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Re: Old Cultivars vs New
« Reply #8 on: April 19, 2012, 11:01:06 PM »
I gave him the Fairchild mango book to read.  As far as size, does anyone know how large the newer cultivars will get?  I planted a lemon zest and a harvest moon without knowing how big they will get.
I know how big my Valencia pride has the potential to be ..
As I stated in a prior post, since these "new"mangoes are all still in the experimental stages, it will be tough to say with any certainties on size, resistance, etc.  With respect t the LZ, since it is a seedling of a PPK, for now I would go with saying the size of the PPK.  With respect t Harvest Moon, I am not sure of the parentage.  Jeff??

The Fairchild mango book is not the best guide for your neighbor's purpose.  A lot of the varieties in that book are not available or just flat out not worthy of growing.  It is a more of a Florida historic guide to mangoes.  As in a lot of cases, book smart is not always the way to go.  He, or she, will go much farther with street smarts.  By that I mean visit the nurseries and taste the fruits.  That is more and better info than any book will give initially.  Once they have seen and tasted, then the book becomes better reading.
- Rob

natsgarden123

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Re: Old Cultivars vs New
« Reply #9 on: April 19, 2012, 11:13:30 PM »
I gave him a small Fairchild mango book"how to grow the worlds most delicious fruit"
Just a basic guide.  He's going to take a trip to Excalibur to taste some mangos in a few weeks.

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Re: Old Cultivars vs New
« Reply #10 on: April 19, 2012, 11:18:21 PM »
I gave him a small Fairchild mango book"how to grow the worlds most delicious fruit"
Just a basic guide.  He's going to take a trip to Excalibur to taste some mangos in a few weeks.
not sure how much there will be in just a few weeks...more like the very end of May thru August.
- Rob

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Re: Old Cultivars vs New
« Reply #11 on: April 20, 2012, 12:41:40 AM »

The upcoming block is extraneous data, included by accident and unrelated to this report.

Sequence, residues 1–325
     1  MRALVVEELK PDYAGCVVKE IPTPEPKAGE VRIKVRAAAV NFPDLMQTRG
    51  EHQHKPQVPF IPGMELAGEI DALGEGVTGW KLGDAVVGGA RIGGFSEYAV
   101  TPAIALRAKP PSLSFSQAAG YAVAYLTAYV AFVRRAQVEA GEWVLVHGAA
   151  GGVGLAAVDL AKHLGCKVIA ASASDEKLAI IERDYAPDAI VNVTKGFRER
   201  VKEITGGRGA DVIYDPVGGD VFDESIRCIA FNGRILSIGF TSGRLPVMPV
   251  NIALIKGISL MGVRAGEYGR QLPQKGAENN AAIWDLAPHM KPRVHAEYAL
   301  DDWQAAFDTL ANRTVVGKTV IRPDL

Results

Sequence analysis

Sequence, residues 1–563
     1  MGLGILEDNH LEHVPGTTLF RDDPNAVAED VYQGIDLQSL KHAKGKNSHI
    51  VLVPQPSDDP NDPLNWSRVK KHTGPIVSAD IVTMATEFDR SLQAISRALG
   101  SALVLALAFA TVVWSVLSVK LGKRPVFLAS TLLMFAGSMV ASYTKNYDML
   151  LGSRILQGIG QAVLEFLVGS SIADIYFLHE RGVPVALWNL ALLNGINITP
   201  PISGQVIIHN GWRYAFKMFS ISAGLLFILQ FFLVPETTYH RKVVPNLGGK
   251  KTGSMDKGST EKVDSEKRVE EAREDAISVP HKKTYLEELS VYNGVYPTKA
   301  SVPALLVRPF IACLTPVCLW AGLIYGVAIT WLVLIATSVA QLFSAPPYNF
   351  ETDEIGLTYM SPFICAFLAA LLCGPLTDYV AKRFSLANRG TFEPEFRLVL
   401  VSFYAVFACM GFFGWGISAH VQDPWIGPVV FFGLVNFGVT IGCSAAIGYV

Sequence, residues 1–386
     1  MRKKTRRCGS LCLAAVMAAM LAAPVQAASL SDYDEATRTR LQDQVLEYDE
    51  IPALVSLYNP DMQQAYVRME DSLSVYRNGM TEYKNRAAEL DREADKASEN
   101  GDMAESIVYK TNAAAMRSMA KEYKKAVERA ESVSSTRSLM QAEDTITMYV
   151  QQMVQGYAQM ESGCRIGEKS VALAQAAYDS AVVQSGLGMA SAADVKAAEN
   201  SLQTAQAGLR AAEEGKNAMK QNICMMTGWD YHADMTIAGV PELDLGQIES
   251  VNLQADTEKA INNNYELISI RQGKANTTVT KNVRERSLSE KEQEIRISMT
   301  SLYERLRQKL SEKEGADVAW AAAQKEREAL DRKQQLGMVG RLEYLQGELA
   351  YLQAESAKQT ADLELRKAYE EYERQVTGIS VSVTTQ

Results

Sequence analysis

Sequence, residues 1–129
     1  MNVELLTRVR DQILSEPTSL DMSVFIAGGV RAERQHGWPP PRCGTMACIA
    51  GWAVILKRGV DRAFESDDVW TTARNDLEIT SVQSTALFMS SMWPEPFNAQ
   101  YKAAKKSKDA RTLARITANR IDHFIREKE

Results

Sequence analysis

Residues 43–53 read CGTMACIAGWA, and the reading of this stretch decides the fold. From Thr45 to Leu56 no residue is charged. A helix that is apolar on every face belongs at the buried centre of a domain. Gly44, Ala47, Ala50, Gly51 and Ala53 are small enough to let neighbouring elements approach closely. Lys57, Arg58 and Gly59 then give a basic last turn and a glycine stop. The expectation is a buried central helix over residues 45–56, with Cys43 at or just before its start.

I have never seen this specifically asked:   Lets say someone is starting out-just bought a new house-wants to plants some trees ( My neighbor is such a person-he is admiring my trees)- What advice would people here give? Id like to see a discussions about the older, established cultivars vs the new. What would you tell my neighbor? 
 
I'd like to see this discussion-I'm pretty new to the online fruit forums.... so be kind to me!  :-*

Is your neighbor just starting out at planting trees or at being a homeowner? If the first i think it will be a major achievement on your part if you get him to plant any fruit tree at all, whether it be an old, a middling, or a new variety of mango. I think many people are only familiar with supermarket mangos, so compared to that almost any cultiver, except maybe the dreaded Tommy Atkins, will be an improvement to what they're used to eating. Also so many people go their whole life never planting one single tree! GASP!!!
As for planting new mango cultivars, what is considered "new" in Florida? Something developed in the last 24 hours? HAHAHA You guys in Florida crank out so many that "new" takes on a new meaning.  ;)
I also liked Rob's idea of co-operating in your harvests. You can exchange mango cultivars or even different fruits and will have more to enjoy. The only possible problem with this is it assumes you will be on good terms forever, and that doesn't always occur with neighbors unfortunately. But if you two are already good friends it could be very beneficial.
Oscar

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Re: Old Cultivars vs New
« Reply #12 on: April 20, 2012, 08:15:53 AM »
I don't have any suggestion on this topic because my knowledge on mangoes is really superficial. I think that all the points brought here are valid for your neightbour, expecially the taste sampling.
Anyway, if we speak about fruit trees in general, i would suggest older varieties. Usually for those you find better advice, more knowledge, and strong points and flaws are well known. I can imagine that new varieties have flaws too, they just haven't shown up because the lack of time in cultivation.
I usually prefer older varieties for another reason: often they are centuries old, and hundreds years ago people weren't able to spray plant with chemicals, so usually older (very old) varieties are also stronger aganist pathogens. Centuries ago a susceptible cultivar, even if good flavored, wasn't useful if it wasn't able to bring fruit because of pests. This translates in less chemical around (a good thing), less fuss around to cure the plant (a good thing), some money saved, and more healty fruits.
You in florida apparently live in a strange situation: you have developed some really awesome varieties of mangoes that have become a worldwide standard for this plant. BUT as often pointed, this plant isn't indigenous of florida, this means that probably the better suited cultivar for your climate aren't the older in absolut, but simply the solid old florida varieties. Some new (developed or imported) varieties can also be well suited for your environment (even older cultivar have been "new" at some point in the past), but i think that for casual grower older/well known/widespread cultivar can be a safer bet.
Just my 2 cents.
« Last Edit: April 20, 2012, 08:39:27 AM by Pancrazio »
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Re: Old Cultivars vs New